Focus the interview: Traditionally, exit interviews have focused on issues such as pay, benefits and working conditions but these are not necessarily the factors that will cause someone to leave. Research shows that if employees are happy with the relationship they have with their manager, believe the company has a strong future and agree with the mission and values of the organisation, they will be more willing to stay even if pay, benefits and working conditions could be better elsewhere. When making contact with people, stress that the interview is an opportunity to ask for their honest opinion on aspects of the company. And ask for their advice on areas that could be improved. Always stress that their departure is regretted and explore any opportunities to win them back, even at this late stage.
Positioning and tone of the interview: This is more a conversation than an interview, so what you are looking for is insights into the strengths and areas for improvement in the company.
Increase future retention: Take note of the reasons for leaving, these should have an impact on planning your retention strategy. Give feedback to line managers, this guidance will allow them to take pre-emptive action for retention, such as changing behaviours via coaching or training.
Protect your business and employer brand: this stage can be emotional for the employee as they reflect on the time and effort they have expended on a career with their employer. Consequently, the way their departure is handled can have a lasting impact on their perceptions of the organisation. A sensitively managed exit can also ensure that past employees become brand ambassadors who will speak highly of their former employer. Word-of-mouth references are very important in a tight recruitment market. How an employee exits is watched closely by their former colleagues.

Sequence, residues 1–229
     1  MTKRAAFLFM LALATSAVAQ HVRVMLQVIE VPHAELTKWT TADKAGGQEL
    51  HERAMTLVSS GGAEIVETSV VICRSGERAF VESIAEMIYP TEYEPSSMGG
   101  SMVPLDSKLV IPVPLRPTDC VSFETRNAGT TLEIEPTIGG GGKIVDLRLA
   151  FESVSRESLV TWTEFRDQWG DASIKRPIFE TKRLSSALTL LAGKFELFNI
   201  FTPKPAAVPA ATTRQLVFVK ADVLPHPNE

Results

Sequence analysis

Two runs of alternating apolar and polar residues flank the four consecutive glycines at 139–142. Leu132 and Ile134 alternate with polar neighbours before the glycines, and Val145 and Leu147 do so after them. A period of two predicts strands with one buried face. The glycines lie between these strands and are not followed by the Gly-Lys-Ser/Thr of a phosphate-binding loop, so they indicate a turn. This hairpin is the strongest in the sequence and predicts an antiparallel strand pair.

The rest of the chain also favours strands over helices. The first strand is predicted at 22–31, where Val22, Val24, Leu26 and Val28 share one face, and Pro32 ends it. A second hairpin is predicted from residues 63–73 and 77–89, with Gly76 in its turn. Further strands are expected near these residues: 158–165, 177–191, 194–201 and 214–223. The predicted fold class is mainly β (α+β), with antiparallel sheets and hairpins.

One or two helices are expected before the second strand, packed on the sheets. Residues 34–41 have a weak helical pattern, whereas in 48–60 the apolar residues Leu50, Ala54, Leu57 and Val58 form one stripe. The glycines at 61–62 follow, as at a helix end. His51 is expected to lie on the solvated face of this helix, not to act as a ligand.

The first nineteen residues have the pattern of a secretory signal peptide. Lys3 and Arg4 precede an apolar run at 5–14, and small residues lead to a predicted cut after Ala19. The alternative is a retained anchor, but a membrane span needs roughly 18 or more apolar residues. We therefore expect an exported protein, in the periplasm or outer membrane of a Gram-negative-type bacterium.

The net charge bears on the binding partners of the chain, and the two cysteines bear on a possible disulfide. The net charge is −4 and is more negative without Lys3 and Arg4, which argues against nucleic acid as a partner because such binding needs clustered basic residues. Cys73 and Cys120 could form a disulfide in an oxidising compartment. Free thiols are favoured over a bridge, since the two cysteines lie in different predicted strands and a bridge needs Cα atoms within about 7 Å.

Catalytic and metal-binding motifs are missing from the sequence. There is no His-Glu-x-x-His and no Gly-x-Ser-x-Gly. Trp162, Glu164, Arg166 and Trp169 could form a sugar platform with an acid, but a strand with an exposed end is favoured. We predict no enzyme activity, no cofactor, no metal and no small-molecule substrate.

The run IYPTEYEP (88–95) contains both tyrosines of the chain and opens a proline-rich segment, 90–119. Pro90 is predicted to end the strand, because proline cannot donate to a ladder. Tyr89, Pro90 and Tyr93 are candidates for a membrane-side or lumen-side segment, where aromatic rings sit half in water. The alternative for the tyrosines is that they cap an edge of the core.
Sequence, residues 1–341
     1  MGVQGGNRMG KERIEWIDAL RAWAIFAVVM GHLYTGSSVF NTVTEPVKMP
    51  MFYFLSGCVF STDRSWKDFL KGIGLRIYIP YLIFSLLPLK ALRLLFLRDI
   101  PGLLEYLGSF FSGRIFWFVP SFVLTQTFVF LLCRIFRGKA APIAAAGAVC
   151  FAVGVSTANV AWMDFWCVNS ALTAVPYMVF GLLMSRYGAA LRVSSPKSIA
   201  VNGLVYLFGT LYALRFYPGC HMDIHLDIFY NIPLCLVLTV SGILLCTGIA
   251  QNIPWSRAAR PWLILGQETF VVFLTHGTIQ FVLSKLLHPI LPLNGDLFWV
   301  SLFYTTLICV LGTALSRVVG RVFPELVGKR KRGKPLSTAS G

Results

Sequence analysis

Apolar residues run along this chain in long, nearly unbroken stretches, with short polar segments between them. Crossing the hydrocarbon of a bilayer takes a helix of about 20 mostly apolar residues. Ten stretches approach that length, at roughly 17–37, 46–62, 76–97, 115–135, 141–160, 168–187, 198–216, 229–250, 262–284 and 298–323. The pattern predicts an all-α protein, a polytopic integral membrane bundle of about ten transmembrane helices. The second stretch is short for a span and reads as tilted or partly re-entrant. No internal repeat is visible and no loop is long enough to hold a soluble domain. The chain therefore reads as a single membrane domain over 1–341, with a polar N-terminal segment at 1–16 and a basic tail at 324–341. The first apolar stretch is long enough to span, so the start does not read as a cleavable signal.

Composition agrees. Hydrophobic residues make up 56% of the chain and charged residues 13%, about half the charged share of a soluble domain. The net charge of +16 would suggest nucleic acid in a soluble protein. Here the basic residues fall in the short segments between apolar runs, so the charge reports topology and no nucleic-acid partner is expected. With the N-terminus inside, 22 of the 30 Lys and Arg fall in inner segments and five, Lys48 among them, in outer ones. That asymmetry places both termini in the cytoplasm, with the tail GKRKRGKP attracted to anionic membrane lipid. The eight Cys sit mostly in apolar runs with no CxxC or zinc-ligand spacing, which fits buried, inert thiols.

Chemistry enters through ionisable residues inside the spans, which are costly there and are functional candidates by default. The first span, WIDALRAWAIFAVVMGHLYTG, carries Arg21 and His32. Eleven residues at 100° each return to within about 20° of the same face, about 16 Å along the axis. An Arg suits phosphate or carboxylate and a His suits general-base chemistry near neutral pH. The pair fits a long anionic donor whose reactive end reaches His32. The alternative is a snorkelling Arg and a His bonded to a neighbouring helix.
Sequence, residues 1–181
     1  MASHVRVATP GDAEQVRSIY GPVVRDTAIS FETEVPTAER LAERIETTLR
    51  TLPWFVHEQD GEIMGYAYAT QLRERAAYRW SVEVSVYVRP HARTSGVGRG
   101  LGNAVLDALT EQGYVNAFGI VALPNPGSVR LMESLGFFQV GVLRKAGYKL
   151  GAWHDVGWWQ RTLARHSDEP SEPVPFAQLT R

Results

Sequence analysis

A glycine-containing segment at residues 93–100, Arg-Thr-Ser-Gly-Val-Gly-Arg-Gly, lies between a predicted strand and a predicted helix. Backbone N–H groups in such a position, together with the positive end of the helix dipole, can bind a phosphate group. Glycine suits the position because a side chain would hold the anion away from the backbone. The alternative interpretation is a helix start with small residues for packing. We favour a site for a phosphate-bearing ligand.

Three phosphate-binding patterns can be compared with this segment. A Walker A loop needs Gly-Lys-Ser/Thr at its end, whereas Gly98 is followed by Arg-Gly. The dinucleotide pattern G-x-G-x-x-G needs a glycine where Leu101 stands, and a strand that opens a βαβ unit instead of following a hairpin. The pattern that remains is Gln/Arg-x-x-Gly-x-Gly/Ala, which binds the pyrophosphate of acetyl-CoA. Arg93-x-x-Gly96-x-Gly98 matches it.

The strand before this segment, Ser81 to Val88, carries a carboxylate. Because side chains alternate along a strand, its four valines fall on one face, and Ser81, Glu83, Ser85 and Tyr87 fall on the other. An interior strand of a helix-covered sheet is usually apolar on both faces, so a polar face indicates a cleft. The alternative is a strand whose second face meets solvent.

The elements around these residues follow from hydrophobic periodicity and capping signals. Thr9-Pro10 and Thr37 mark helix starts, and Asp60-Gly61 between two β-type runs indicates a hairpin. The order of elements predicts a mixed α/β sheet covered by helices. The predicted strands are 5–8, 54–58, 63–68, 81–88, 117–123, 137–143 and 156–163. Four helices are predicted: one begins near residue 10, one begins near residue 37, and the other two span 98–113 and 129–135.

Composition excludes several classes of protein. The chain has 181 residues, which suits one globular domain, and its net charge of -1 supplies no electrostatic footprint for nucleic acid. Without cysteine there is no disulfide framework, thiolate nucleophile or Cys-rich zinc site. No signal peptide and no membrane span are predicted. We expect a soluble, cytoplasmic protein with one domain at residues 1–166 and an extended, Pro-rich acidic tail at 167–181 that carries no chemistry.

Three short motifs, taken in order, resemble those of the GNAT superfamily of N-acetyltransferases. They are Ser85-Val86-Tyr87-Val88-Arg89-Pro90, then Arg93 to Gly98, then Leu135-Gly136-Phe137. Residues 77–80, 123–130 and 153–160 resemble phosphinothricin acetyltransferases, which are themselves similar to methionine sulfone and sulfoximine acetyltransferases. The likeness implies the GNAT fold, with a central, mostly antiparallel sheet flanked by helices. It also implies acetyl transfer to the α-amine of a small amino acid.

Useful questions and tips for an exit interview
- What have you enjoyed the most/least about working for the business, and in your role?
- What sorts of problems have you found?
- How well did you understand your role?
- How effective is communication, and consultation in the company?
- How easy was it to get on with your manager, and colleagues?
- To what extent do you feel your work was valued?
- To what extent were your skills and talents used effectively?
- To what extent did you feel your role was secure?
- How satisfied were you with salary, terms and conditions, facilities, equipment?
- How does your current role compare to your new job?
- When did you begin looking for another job?
And of course the employee’s answers may be influenced by their need for a reference.
If, during the interview, the employee starts making accusations against a colleague, don’t act hastily. Often the departing employee is taking it out on a colleague or manager as a parting shot. Maintain your neutrality and investigate the issue.
You will get more ideas on exit interviews from http://www.businessballs.com/exitinterviews.htm
As well as reaching into my own experience I have sourced information from the www.NIBusinessinfo.co.uk website and CIPD UK’s online magazine People Management.
Billy Linehan is an independent business mentor based in Dublin Ireland. He works with owners, managers and directors of different types of organisations, “solving challenges together”.